Seamlessly seguing into non-fiction: for a comprehensive book about the female body, ‘The Wonder Down Under’ is good primer on female anatomy. Again, some of it was squarely aimed at a younger audience, but there’s a lot in it about hormone cycles, pregnancy and menopause to make it relevant to anyone interested in vulvas and wombs. Read a bit about it here.
Now for the fiction:
Eleanor Oliphant is Completely Fine, by Gail Honeyman
Conversations with Friends, by Sally Rooney
Everything I Never Told You, by Celeste Ng
The Power, by Naomi Alderman
Motherhood, by Sheila Heti
Lullaby, by Leila Slimani
Let’s start with the worst. Two million copies of ‘Eleanor Oliphant is Completely Fine’ have been sold. It has won awards, is going to be a film and was all over book clubs, social media, etc etc. Hailed as ‘up-lit’ (uplifting literature). I didn’t like it and didn’t find it particularly uplifting, either. Here’s a review that captures why so many loved it.
Conversely, Sally Rooney’s ‘Conversations with Friends’ lived up to its hype and then some. Initially I was rolling my eyes at the premise (two Irish female uni students - former lovers and performance poets - meet older bourgeois couple) but I couldn’t put it down, the dialogue was perfect. Rooney has had tonnes of accolades (“Salinger of the snapchat generation,” “The first great millennial novelist”) and I cannot wait to read her next novel, ‘Normal People,’ when it’s out in paperback in May. This is an interesting interview with her.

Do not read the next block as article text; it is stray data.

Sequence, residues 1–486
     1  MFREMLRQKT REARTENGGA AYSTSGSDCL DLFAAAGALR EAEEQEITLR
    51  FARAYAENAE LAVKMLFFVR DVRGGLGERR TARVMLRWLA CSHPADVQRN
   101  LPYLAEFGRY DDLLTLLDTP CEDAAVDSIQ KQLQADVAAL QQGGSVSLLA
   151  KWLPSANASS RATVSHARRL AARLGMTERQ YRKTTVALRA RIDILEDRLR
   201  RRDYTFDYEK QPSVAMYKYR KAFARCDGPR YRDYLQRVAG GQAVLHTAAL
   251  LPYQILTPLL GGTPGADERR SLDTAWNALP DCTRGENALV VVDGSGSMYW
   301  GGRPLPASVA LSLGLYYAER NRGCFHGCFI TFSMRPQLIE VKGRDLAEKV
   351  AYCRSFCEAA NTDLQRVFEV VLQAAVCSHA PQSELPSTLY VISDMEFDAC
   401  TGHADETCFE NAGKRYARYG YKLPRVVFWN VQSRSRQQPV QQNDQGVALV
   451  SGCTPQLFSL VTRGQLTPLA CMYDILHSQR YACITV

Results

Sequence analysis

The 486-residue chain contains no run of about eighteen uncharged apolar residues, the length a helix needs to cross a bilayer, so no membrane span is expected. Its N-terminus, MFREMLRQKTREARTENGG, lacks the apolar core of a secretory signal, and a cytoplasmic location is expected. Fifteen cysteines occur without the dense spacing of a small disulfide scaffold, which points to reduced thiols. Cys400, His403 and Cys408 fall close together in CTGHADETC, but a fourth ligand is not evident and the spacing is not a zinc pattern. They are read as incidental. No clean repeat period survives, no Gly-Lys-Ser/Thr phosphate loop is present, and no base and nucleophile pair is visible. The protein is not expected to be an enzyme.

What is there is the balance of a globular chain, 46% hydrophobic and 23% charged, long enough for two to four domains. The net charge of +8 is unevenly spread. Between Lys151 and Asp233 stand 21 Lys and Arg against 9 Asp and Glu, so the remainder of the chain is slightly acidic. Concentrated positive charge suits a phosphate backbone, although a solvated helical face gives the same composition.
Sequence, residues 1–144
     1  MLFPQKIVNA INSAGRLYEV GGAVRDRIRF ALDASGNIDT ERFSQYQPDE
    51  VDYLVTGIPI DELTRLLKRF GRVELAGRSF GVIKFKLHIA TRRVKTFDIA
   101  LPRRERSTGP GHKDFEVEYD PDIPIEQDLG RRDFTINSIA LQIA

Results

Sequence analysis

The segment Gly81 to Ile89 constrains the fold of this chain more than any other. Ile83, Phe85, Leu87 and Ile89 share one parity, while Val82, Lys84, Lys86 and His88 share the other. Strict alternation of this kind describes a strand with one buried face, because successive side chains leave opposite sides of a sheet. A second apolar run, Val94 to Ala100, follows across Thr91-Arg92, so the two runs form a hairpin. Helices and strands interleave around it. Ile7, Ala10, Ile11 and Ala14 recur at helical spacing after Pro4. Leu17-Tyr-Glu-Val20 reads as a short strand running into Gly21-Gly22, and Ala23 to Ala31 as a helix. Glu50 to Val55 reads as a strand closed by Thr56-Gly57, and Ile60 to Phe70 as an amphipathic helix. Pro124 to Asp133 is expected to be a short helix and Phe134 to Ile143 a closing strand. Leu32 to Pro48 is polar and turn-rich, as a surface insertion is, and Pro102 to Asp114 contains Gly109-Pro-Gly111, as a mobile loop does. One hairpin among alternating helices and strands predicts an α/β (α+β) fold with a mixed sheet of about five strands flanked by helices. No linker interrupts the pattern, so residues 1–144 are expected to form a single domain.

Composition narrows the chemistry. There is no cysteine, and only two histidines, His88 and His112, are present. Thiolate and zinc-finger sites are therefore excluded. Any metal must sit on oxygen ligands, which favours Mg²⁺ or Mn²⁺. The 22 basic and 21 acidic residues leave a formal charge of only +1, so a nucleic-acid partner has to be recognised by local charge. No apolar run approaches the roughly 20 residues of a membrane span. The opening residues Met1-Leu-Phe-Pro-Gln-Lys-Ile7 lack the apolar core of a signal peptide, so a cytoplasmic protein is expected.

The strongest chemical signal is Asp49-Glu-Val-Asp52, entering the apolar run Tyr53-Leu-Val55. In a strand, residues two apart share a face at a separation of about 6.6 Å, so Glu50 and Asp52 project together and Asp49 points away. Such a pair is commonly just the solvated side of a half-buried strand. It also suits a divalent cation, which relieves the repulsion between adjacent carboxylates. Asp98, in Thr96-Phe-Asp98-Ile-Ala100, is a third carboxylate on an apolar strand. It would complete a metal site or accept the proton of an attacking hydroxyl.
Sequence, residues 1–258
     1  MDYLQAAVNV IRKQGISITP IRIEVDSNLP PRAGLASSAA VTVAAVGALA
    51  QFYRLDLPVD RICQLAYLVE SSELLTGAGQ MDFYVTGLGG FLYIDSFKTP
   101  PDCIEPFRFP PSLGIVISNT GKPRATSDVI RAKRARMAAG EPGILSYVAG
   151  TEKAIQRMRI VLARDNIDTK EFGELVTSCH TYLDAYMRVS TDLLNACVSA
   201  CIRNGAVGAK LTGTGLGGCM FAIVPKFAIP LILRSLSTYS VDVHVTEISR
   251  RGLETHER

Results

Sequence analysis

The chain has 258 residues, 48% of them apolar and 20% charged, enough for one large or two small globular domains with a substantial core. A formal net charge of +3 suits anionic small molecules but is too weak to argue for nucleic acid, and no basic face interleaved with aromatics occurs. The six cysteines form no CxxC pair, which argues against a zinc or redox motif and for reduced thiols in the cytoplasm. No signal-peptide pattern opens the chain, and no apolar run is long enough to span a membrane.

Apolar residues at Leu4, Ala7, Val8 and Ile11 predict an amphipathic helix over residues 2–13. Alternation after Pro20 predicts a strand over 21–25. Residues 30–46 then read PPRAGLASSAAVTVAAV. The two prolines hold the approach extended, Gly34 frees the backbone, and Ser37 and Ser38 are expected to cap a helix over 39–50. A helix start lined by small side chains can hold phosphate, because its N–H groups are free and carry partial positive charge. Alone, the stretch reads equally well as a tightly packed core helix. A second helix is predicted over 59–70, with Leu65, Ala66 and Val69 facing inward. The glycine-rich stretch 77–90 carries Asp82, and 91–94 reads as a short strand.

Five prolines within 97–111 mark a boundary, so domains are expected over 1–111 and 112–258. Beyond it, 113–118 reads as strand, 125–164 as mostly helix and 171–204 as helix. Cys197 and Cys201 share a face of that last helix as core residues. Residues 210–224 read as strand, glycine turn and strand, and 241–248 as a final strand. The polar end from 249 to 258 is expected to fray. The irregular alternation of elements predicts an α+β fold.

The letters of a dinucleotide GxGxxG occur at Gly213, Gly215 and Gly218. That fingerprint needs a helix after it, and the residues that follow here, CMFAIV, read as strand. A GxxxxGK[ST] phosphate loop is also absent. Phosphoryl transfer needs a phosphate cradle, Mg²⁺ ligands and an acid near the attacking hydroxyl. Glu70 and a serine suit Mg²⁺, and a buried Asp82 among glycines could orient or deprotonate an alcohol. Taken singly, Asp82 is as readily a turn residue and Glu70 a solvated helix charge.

‘Motherhood’ by Sheila Heti is a fictionalised memoir/diary/artwork about the narrator’s decision whether or not to have children. I found a few passages so insightful that I was folding down the pages to come back to, and I loved the premise of her flipping coins to interrogate the universe, but when we started to get into the ‘Soul of Time’ I checked out a bit. It examines society’s conception of motherhood really well, but focuses completely on artists (making art vs having a family) which felt a bit imperious to me, not being an artist and all. This is a great review of it by Sally Rooney.
I heard good things about Celeste Ng’s latest novel ‘Little Fires Everywhere’ and spotted her debut ‘Everything I Never Told You’ on sale for a couple of quid. It’s a great read about a middle class American family, the weight of cultural, familial and racial expectations and how we hide parts of ourselves from those closest to us. It’s one of those lovely omniscient narrator books where you get inside every character’s head. Reviewed here.
I enjoyed ‘The Power’ by Naomi Alderman. Quite pulpy in places, it imagines a world where teenage girls have the ability to electrocute through their fingers. She satirises evolutionary biology and gender dynamics through back-and-forth letters set in the far future before getting into the main body of the story and following four characters as they live through the awakening of women’s power. Here’s a review.
‘Lullaby’ by Leila Slimani was great. She explores race, class, ambivalent motherhood, gender and the murky relationship and compromises of having an employee who is so intimately tied to your family life. I would love to read it in French one day as I think the Parisian context and French ideas of motherhood are key. Reviewed here.
So, to 2019 and making time to read lots more brilliant women!